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The Long Road to Ending Armed Conflict in Burma

By Burma Partnership  •  September 24, 2012

International Peace Day Protest in Rangoon © Steve Tickner/The IrrawaddyOn 21 September, people around the world marked the United Nations’ International Day of Peace, a day that highlighted just how far there remains to go to achieve lasting peace in Burma.

While Daw Aung San Suu Kyi was being feted on her first trip to the US in more than two decades, Kachin community members called on Daw Suu to do more for the people in Kachin State. As many as 90,000 people have been displaced due to armed conflict between the Burma Army and the Kachin Independence Army, and have little access to urgently needed humanitarian assistance.

Hundreds of protesters gathered in Rangoon on 21 September to call for peace in Burma, and especially in Kachin State. They wore blue headbands and carried signs reading “Stop Civil War” and “Justice Guarantees Lasting Peace” as they walked from City Hall to Inya Lake. Another group of protesters were stopped from traveling to Naypyidaw where they had planned to protest in front of the office of the Burma Army’s Commander-in-Chief; they instead joined the main group.

While authorities did not stop the main protest in Rangoon, the police later questioned 15 activists and have filed charges against them for violating Article 18 of the problematic Law Relating to Peaceful Assembly and Peaceful Procession for . The activists say that they had applied for permission to protest and submitted all the necessary documents, but had been denied by authorities without being given any reason.

The previous day, a performance artist wrapped himself in blue duct tape and walked around Mandalay, also calling for peace. He was arrested by police and released later the same day.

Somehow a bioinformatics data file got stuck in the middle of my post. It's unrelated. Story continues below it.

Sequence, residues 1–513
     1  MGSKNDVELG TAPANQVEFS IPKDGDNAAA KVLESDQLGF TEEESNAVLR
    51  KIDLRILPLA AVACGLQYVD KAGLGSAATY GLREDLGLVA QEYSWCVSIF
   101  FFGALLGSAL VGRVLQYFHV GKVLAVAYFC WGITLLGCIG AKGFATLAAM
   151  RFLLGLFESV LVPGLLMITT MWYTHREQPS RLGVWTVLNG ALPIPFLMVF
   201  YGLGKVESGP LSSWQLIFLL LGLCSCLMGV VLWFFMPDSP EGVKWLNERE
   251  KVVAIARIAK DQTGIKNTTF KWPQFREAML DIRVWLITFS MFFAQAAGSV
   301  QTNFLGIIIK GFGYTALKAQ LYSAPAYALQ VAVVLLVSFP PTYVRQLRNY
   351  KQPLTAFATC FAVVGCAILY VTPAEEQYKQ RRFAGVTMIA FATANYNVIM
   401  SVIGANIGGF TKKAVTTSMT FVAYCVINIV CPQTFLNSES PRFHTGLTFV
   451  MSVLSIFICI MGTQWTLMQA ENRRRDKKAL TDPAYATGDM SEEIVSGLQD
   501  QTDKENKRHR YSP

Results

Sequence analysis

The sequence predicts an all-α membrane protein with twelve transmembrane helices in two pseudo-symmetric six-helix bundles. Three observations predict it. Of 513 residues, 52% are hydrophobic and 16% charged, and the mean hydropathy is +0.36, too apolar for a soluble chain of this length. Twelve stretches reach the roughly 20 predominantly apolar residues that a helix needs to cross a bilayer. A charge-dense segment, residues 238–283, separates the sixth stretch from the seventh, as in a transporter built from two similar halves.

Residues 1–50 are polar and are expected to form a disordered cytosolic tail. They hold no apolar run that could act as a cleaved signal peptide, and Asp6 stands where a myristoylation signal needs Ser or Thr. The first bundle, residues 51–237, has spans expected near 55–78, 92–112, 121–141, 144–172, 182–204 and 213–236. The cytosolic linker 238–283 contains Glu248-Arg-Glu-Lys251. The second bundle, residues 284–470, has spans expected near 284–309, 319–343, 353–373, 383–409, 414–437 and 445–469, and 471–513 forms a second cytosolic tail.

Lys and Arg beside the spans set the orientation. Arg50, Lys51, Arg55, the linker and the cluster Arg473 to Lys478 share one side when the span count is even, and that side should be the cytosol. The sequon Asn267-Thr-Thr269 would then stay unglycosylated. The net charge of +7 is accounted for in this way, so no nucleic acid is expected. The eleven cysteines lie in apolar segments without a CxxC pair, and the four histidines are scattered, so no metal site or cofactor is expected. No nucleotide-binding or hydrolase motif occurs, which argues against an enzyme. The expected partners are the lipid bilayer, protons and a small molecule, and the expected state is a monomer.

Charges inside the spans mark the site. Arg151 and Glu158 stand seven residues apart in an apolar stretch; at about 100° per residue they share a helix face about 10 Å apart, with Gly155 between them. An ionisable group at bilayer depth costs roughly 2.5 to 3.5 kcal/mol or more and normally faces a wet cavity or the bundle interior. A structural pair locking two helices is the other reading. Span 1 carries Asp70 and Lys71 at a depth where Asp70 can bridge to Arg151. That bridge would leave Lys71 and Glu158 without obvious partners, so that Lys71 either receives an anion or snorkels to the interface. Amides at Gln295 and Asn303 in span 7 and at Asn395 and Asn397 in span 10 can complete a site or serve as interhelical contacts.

The Karen National Union marked the International Day of Peace by observing a unilateral ceasefire for the day and calling for political dialogue in order to address the root causes of the armed conflict, which was supported by the Karen Women Organization.

Showing the broad support for political dialogue to solve armed conflict, similar calls emerged from the Ethnic Nationalities Conference, which as held from 14 to 16 September. The conference was attended by around 130 representatives from ethnic political parties, armed groups and civil society and concluded with an alternative six-step peace plan to President Thein Sein’s eight-step plan. The proposed peace plan includes the development of a “Framework for Political Dialogue” through consultations with armed ethnic groups, political parties and civil society, holding conventions in States and Regions followed by a national Ethnic Nationalities’ Convention and a Union Conference in the spirit of the 1947 Panglong Agreement. This conference would result in “The Union Accord on Ethnic Nationalities.” The detailed peace plan shows the strength of unity between ethnic political parties, armed groups and civil society representing different ethnic nationality groups.

For there to be fruitful negotiations beyond initial ceasefire agreements with individual armed groups, there must be compromise. The government cannot impose its own peace plan, ignore the desire of ethnic nationalities for a political solution to the armed conflict, and expect to achieve lasting peace.

The government must show its genuine political will to achieve peace by working in partnership with armed ethnic groups to create a level playing field that will be conducive to constructive negotiations. This is the only way to build the confidence necessary to work together towards achieving lasting peace and true national reconciliation.

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